You can use any type of bean for this recipe. My family most commonly uses pinto, peruano, yellow eye, and kidney. In the morning, I like to cook some Mexican chorizo in a cast-iron skillet, mix in leftover beans and some of the cooking liquid, and then mash them all together. Serve with fried eggs and hot flour tortillas.
- Spread out the beans on a baking sheet and pick out any rocks and impurities. Place the beans in a large pot and add water to cover by 3 inches. Cut the onion in half through its equator, remove the skin but keep the core (root) intact, and add to the pot. Smash the garlic with a knife, remove and discard the skins, and add to the pot.
- Place the pot over high heat and bring to a boil for 5 to 10 minutes, then turn the heat to low and let simmer, uncovered, for 2 to 4 hours (see Note). Check the beans and stir them every 30 minutes, adding more water to cover as needed. The pot should always have 2 to 3 inches of liquid in it so the beans don’t burn. When the beans are cooked to your liking, stir in the cheese.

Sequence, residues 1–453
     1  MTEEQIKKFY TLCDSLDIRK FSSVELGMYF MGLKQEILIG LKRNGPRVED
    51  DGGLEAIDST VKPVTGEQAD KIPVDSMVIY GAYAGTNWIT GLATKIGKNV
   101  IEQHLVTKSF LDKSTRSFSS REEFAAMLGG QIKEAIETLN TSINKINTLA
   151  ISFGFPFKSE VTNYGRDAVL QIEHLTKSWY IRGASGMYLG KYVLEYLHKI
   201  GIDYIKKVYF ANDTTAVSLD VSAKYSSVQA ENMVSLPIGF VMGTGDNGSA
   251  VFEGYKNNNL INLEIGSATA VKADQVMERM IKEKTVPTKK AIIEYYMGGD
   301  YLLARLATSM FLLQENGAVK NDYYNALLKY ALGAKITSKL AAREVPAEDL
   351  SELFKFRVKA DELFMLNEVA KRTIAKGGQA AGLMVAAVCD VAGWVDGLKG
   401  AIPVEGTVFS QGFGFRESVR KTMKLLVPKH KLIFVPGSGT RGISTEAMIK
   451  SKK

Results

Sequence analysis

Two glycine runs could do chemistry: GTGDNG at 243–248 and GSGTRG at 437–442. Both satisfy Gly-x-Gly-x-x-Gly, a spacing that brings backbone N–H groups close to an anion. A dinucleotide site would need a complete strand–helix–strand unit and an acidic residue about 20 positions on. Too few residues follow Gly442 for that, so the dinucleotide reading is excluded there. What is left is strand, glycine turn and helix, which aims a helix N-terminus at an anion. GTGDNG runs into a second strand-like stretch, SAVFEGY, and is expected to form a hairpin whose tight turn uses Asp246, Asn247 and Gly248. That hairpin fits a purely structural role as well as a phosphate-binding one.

- Season the beans with salt before serving.
- Note: How long the beans cook depends entirely on your doneness preference (al dente versus creamy) and on the brand of beans. If you’re using a premium brand of dried beans, like Rancho Gordo, the beans tend to be fresher and won’t take as long to cook. But, if you’re using supermarket beans that may have been there for a while, they’ll take much longer to get tender. Occasionally, I add a ham hock to the beans with the water. If the ham hock is of good quality, it’ll take 3 to 4 hours for it and the beans to become tender.